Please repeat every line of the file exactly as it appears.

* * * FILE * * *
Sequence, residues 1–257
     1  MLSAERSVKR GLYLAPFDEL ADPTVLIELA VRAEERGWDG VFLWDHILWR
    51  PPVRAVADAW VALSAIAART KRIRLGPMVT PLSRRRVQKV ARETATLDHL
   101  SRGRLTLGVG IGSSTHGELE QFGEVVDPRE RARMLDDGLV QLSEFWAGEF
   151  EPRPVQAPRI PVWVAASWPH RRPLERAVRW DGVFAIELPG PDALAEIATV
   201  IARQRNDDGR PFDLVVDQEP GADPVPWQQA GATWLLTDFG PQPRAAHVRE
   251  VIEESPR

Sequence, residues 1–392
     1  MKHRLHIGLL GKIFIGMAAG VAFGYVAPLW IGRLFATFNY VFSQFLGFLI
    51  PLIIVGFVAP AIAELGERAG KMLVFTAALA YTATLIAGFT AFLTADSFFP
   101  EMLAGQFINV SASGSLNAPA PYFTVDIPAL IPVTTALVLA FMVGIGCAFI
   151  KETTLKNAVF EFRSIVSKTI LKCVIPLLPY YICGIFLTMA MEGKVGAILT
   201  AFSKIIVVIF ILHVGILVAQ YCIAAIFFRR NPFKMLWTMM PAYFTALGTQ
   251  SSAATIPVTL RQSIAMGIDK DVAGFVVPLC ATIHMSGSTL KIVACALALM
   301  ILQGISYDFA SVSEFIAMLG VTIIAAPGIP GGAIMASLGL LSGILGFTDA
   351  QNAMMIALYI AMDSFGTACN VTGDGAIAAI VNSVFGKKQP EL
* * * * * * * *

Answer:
Sequence, residues 1–257
     1  MLSAERSVKR GLYLAPFDEL ADPTVLIELA VRAEERGWDG VFLWDHILWR
    51  PPVRAVADAW VALSAIAART KRIRLGPMVT PLSRRRVQKV ARETATLDHL
   101  SRGRLTLGVG IGSSTHGELE QFGEVVDPRE RARMLDDGLV QLSEFWAGEF
   151  EPRPVQAPRI PVWVAASWPH RRPLERAVRW DGVFAIELPG PDALAEIATV
   201  IARQRNDDGR PFDLVVDQEP GADPVPWQQA GATWLLTDFG PQPRAAHVRE
   251  VIEESPR

Sequence, residues 1–392
     1  MKHRLHIGLL GKIFIGMAAG VAFGYVAPLW IGRLFATFNY VFSQFLGFLI
    51  PLIIVGFVAP AIAELGERAG KMLVFTAALA YTATLIAGFT AFLTADSFFP
   101  EMLAGQFINV SASGSLNAPA PYFTVDIPAL IPVTTALVLA FMVGIGCAFI
   151  KETTLKNAVF EFRSIVSKTI LKCVIPLLPY YICGIFLTMA MEGKVGAILT
   201  AFSKIIVVIF ILHVGILVAQ YCIAAIFFRR NPFKMLWTMM PAYFTALGTQ
   251  SSAATIPVTL RQSIAMGIDK DVAGFVVPLC ATIHMSGSTL KIVACALALM
   301  ILQGISYDFA SVSEFIAMLG VTIIAAPGIP GGAIMASLGL LSGILGFTDA
   351  QNAMMIALYI AMDSFGTACN VTGDGAIAAI VNSVFGKKQP EL